We grew up in an environment saturated with representations of the battles our parents had fought, and played with toy versions of the weapons and materiel they had fought them with.  Dinky, Corgi, Airfix, Matchbox, Britains...  Toy manufacturers vied with each other in the variety and accuracy of the die-cast models and plastic-assembly kits we could buy with our pocket-money.  Field-guns that fired matchsticks devastated ranks of plastic soldiers on living room carpets across the country, while trucks and tanks advanced through the mown grass of suburban lawns.  In the streets, woods, and fields, children ambushed and charged, armed to the teeth by Lone Star.  You might be forgiven for thinking that a fresh generation was being made war-ready.

I was thinking about this as I watched the Ken Burns seven-parter, The War.  The Ken Burns formula will be familiar to anyone who has watched at least one of his other productions.  His signature style is based on clever rostrum camera work, panning across archival images and zooming in on a significant detail -- often an expressive face -- or zooming out to give context.  The other key elements are a resonant voice-over; a focus on the stories of a limited number of representative participants; intercut "talking head" interviews with witnesses and experts; and, crucially, the use of evocative musical leitmotifs that tie the parts together, emotionally.  It really does work, although one can feel manipulated at times.

Britons often bemoan the Hollywood tendency to rewrite WW2, recasting and slanting events to maximise American agency and to caricature the role of others.  Burns' series shows the other side of the coin: the War as experienced in the USA.  It's both instructive and a useful corrective.  In particular, we tend to regard the Pacific War as the stuff of comic books.  A veteran of dozens of TV histories, I found I was shocked anew by its brutal insanity; the absurd slaughter of hundreds of thousands of young men fighting to the death over useless atolls and tiny volcanic islands.  The sheer wasteful folly of warfare is laid bare, looking at footage of Iwo Jima.  There's really nothing else to see.

Which made me wonder how often combatants must have had intense moments of clarity:  "This is INSANE.  We're all going to DIE.  I've had ENOUGH.  I don't UNDERSTAND what we're doing here..."  Fairly often, I'd have thought, especially in the case of young Americans drafted from some Californian demi-paradise straight into hot hell.  In this regard, the Burns interview with historian Paul Fussell, an infantry lieutenant at the Battle of the Bulge, is enlightening.  Fussell later wrote extensively about men at war, and the gulf between the romantic myth and the grisly reality; in his own words he made a "career out of refusing to disguise it or elevate it".  Yet even he identifies the fear of shame in the eyes of one's peers as, in most cases, outweighing the fear of death or personal injury.  I suppose the mythicised version of that fear goes by the names of "duty" and "honour", old-fashioned ideas most of us have come to regard with deep suspicion, but which may run deeper than we think.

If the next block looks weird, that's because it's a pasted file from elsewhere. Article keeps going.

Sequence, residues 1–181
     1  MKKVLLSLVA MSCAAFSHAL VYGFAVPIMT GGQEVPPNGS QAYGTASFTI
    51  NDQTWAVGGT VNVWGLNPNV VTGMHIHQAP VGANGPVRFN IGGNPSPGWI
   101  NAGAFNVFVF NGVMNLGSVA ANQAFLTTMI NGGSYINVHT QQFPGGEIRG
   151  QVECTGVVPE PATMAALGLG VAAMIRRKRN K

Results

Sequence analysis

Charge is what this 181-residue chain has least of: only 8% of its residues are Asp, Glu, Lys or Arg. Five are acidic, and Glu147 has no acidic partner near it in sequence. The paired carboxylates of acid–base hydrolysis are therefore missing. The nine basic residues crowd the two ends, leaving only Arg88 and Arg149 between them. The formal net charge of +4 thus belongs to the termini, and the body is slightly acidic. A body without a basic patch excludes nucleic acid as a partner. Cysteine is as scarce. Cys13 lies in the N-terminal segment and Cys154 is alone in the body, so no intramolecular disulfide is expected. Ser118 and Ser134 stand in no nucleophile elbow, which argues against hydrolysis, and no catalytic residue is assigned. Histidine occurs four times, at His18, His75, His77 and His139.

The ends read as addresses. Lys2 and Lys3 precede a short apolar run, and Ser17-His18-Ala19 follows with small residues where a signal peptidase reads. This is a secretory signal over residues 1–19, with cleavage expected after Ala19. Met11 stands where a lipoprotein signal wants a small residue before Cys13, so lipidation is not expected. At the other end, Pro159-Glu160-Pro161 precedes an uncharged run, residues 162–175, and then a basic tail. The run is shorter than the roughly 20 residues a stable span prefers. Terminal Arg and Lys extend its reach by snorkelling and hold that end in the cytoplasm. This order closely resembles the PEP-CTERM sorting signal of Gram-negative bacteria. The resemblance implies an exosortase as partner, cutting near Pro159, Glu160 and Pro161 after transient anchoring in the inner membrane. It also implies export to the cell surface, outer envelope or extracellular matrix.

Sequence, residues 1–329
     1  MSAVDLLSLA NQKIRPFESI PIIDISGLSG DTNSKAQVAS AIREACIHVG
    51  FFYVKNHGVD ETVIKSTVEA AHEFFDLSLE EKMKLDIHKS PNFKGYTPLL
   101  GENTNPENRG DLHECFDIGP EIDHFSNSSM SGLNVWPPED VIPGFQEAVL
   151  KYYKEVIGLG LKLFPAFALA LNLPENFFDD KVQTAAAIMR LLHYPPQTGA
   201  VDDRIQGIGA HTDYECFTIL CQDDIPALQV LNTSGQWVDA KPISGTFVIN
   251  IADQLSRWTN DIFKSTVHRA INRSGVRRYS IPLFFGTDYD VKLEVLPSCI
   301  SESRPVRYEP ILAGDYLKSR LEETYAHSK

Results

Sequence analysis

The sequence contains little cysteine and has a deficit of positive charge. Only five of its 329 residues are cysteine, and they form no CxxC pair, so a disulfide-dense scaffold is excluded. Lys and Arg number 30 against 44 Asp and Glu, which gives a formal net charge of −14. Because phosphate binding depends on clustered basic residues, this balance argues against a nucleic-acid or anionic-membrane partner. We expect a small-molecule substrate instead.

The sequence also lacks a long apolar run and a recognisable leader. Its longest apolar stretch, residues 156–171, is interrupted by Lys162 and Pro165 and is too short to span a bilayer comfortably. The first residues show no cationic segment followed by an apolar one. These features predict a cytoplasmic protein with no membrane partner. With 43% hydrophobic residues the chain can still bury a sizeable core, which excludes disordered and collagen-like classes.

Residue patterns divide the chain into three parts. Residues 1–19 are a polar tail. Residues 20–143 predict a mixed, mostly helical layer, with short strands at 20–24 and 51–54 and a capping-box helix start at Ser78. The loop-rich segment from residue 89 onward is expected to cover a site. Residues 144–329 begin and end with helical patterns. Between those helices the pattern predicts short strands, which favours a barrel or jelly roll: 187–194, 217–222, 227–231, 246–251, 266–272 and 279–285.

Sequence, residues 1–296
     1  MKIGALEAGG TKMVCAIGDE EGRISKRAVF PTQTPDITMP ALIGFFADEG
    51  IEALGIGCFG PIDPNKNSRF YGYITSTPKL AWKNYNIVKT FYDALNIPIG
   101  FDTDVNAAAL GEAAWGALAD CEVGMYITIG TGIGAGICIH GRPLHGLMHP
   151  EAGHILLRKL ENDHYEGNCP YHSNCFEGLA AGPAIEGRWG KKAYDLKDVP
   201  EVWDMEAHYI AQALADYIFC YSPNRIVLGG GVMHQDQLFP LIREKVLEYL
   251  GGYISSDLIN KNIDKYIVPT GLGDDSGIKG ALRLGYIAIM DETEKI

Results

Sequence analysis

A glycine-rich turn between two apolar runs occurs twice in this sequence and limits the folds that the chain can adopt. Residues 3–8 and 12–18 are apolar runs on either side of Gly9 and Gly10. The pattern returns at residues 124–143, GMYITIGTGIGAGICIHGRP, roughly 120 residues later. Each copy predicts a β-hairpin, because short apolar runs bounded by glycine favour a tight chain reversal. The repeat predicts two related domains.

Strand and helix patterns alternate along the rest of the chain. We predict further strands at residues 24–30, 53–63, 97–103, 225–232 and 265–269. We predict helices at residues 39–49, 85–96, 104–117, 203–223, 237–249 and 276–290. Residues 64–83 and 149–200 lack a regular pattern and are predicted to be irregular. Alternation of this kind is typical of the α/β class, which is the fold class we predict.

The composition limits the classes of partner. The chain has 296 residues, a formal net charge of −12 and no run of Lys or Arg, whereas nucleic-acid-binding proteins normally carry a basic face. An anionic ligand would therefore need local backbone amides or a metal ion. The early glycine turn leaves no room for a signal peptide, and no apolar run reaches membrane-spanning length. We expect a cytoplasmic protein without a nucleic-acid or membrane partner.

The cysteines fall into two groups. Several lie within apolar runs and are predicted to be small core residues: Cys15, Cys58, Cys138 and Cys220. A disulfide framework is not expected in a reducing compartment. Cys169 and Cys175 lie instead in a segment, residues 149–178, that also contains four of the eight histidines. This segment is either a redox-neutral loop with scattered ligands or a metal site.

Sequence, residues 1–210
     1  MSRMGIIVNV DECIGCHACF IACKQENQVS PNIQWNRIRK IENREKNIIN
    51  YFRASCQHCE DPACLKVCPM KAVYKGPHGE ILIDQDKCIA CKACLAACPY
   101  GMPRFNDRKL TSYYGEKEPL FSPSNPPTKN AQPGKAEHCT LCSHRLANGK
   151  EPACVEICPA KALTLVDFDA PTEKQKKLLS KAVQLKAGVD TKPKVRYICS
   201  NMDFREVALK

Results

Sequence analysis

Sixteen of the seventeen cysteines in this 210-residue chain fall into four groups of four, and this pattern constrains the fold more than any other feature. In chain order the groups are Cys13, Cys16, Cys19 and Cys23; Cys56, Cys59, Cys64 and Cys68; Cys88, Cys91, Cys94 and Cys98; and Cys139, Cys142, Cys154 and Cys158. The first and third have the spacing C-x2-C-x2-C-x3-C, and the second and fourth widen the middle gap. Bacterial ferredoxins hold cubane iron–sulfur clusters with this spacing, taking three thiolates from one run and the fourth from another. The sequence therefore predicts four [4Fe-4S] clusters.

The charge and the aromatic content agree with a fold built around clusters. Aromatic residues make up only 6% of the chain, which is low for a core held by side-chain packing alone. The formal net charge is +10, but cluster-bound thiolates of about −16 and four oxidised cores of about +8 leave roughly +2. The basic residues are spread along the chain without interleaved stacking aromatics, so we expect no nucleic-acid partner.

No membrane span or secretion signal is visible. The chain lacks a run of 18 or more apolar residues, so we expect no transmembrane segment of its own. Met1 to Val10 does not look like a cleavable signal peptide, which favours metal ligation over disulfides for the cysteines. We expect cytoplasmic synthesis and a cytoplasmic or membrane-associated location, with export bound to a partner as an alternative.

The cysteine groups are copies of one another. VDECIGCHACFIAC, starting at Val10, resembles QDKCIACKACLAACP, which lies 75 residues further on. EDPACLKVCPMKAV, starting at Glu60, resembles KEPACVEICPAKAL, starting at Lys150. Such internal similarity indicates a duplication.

American writer Carl Sandburg, in his poem "The People, Yes" (1936) wrote, "Sometime they'll give a war, and nobody will come". This spoke out loud a possibility that the Peace Movement of the 1960s seized on and turned into a rhetorical question:  what if they gave a war and nobody came?  The verb "to give" implicitly compares a war with a party, attendance at which is purely optional.  Why the hell would anybody choose to dance on that killing floor?

Choice, of course, is not usually an option, when it comes to war.  Ironically, perhaps, Sandburg's phrase was taken up in post-war Germany, and often re-attributed to Bertolt Brecht: "Stell dir vor, es kommt Krieg und keiner geht hin" (Imagine, war comes and nobody goes).  However, some cynic, at some point, added a new line:  "Dann kommt der Krieg zu euch!" (then the war will come to you!).  And then some genuine lines of Brecht were appended:
Wer zu Hause bleibt, wenn der Kampf beginnt
Und lässt andere kämpfen für seine Sache
Der muss sich vorsehen: denn
Wer den Kampf nicht geteilt hat
Der wird teilen die Niederlage.
Nicht einmal den Kampf vermeidet
Wer den Kampf vermeiden will: denn
Es wird kämpfen für die Sache des Feinds
Wer für seine eigene Sache nicht gekämpft hat.